If you cannot locate such a place you may be better off having someone come to your house once a day to look after the bird. This way it will not have to forego its daily period of free flying because, in the familiar and bird-proof surroundings of your home, the cage door can be opened without risk. If you have a large aviary you have no choice but to arrange for someone to come in to look after the birds. Some pet stores board parakeets. The cost is minimal, and the birds are usually well taken care of. (But just to be on the safe side you should have a careful look at where your pet will be housed.) Though this solution is convenient, I am reluctant to recommend it. I find it hard to imagine that parakeets that are used to "their" humans feel at ease surrounded by other birds, even if these are of the same species. The most well-meaning pet dealer will hardly have the time for a daily chat with every lonely "vacation guest." Free flying is obviously out of the question under these conditions. There are other and better possibilities. In many cities, the Society for the Prevention of Cruelty to Animals or the local bird society has lists of people who are willing to take in animals temporarily. Anyone who is looking to place a pet or who would like to look after someone else's pet can inquire. If you are planning a trip, check in good time to see if someone will be available to adopt your parakeet temporarily. You will probably at least want to meet your substitute and make sure your pet will receive its accustomed care.
If there is no organization supplying such a service in your town, an ad in your local newspaper may help you find--often quite easily and quickly--a person who is knowledgeable about birds and willing to take over the care for one. Chances for finding someone are especially good if you offer to reciprocate. A notice on the bulletin board of a church or a senior citizen center may also bring results, or an inquiry at a local university where students may be looking for odd jobs. No matter who looks after your bird or birds, take the time to write down exactly what needs to be done: everything from feeding and normal bathing hours to time spent playing with the bird and letting it fly free in the room. The more concrete your instructions, the better the chances that you'll return to a healthy and, generally, quite cheerful pet.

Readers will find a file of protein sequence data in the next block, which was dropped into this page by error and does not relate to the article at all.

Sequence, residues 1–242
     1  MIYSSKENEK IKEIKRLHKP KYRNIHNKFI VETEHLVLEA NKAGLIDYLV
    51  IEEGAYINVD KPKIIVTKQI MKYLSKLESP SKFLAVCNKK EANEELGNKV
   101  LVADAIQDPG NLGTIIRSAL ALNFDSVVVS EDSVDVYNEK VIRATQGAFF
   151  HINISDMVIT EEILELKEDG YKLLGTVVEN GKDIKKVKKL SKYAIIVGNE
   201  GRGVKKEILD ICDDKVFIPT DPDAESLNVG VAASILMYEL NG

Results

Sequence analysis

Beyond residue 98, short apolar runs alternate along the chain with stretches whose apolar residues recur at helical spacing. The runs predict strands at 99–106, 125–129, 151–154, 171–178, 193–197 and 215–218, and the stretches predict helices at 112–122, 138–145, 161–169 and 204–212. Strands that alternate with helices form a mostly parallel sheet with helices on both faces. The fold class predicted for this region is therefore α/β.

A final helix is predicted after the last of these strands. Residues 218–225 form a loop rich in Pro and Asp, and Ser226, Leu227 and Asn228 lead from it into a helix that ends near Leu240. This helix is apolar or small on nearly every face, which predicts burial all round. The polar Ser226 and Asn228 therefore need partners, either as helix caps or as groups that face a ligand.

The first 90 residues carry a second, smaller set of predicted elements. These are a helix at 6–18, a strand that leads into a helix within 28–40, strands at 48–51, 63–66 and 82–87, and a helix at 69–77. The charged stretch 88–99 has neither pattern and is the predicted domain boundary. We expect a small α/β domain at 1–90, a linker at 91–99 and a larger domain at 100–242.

There is one more question that has to be raised if the parakeet owner--particularly an older person--lives alone and keeps the bird as a companion to ward off loneliness. Although this is not a pleasant topic, any true lover of a pet will want to give thought to the fact that a day might come when care of the pet is no longer possible. A fall resulting in a broken hip, a slight stroke, or possibly sudden death would spell disaster for the bird if nobody is there to help. That is why any bird owner who lives alone should tell a neighbor about the bird and should arrange some method of signaling for help. The signal might be a newspaper still in the mailbox by noon, curtains closed longer than usual, or a certain object placed in the window at night and removed during the day if all is well. If you are reluctant to give away a key to your apartment, a neighbor could call the police if something seems to be the matter. Whatever the arrangement, there should be some written provision specifying what is to happen to the bird. If no "heir" is appointed, the parakeet could be taken to the nearest animal shelter. Many shelters have large community aviaries for escaped or abandoned birds.
For moving your aviary & birds see this article.
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Hamilton & District Budgerigar Society Inc. 1996